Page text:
Experiments in tunnel-soil-structure interaction
Urbanisation will require significant expansion of underground infrastructure, which results in unavoidable ground displacements that affect the built environment. Predicting the interaction between a tunnel, the soil and existing structures remains an engineering challenge due to the highly non-linear behaviour of both the soil and the building.
This thesis investigates the interaction between a surface structure and tunnelling-induced ground displacements. Specifically, novel three-dimensionally printed building models with brittle material behaviour, similar to masonry, were developed and tested in a geotechnical centrifuge. This enabled replication of building models with representative global stiffness values and realistic building features including strip footings, intermediate walls, a rough soil-structure interface, building layouts and façade openings.
By varying building characteristics, the impact of structural features on both the soil and building response to tunnelling in dense sand was investigated. Results illustrate that the presence of surface structures considerably altered the tunnelling-induced soil response. The building-to-tunnel position notably influences the magnitude of soil displacements and causes localised phenomena such as embedment of building corners. An increase of the façade opening area and building length reduces the alteration of the theoretical greenfield settlements, in particular the trough width. Moreover, the impact of varying the building layout is discussed in detail.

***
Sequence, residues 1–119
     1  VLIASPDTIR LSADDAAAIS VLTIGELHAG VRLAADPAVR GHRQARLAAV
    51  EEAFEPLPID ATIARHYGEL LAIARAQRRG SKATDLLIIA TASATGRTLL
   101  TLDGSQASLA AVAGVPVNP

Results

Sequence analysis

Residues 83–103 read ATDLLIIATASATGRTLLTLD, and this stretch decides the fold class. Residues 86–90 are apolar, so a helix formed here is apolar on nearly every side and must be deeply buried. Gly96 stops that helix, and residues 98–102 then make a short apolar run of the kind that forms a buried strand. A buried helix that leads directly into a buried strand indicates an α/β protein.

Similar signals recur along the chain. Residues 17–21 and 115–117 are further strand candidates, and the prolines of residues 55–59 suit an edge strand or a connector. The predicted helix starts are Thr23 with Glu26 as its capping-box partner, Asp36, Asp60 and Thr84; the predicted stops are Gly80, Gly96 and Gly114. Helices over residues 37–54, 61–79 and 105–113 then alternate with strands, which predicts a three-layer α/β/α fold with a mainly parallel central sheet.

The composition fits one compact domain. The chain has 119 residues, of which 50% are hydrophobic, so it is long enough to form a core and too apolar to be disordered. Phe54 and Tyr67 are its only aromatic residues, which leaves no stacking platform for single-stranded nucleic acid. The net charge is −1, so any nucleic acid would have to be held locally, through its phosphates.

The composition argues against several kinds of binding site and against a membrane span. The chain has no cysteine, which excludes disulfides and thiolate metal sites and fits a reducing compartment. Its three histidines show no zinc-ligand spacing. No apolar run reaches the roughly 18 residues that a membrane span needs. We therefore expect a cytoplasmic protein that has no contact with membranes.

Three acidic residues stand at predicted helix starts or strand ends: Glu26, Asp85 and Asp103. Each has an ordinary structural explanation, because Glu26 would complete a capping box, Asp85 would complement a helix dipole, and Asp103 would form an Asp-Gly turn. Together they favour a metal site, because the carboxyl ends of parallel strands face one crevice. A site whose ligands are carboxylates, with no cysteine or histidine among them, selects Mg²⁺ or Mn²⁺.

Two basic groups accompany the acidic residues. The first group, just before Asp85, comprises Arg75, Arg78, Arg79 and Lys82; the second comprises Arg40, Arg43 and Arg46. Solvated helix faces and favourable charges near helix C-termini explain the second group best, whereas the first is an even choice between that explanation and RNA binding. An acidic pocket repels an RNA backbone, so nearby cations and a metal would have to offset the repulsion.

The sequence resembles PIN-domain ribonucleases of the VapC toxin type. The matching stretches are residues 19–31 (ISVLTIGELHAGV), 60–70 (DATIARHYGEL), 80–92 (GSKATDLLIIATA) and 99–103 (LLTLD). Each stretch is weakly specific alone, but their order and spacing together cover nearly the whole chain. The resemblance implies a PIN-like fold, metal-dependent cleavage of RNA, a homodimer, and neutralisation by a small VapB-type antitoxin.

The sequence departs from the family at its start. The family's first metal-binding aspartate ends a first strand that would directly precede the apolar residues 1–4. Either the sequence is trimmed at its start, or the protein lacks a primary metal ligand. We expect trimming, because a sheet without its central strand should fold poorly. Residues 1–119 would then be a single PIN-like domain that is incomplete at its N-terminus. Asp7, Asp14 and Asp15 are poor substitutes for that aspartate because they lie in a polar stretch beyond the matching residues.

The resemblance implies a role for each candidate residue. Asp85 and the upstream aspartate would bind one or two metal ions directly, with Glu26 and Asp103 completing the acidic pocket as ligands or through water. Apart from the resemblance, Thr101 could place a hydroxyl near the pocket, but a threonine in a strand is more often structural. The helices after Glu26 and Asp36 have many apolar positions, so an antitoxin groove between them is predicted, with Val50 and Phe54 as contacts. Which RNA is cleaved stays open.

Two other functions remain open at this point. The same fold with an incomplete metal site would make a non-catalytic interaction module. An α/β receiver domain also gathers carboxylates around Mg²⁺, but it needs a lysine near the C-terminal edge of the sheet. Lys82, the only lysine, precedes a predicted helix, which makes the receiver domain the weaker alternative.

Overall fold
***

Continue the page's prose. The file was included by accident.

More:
For several building-tunnel scenarios, building distortions are quantified and the crucial role of building features is demonstrated. Structures spanning the greenfield inflection point experienced more deformation than identical structures positioned in either sagging or hogging, and partitioning a structure either side of the greenfield inflection point is shown to lead to unconservative damage assessments. Results also quantify the significant extent to which structural distortions increase as façade openings and building length increases. Observed building damage and cracking patterns confirm the reported trends.
The experimental results are used to evaluate the performance of available methods to assess the behaviour of buildings to tunnelling. Predictions ignoring soil-structure interaction are usually overly conservative, while approaches based on the relative stiffness of a structure and the soil result in inconsistent predictions, though some methods performed better than others. Practical improvements to consider structural details when assessing this tunnel-soil-structure system are finally proposed.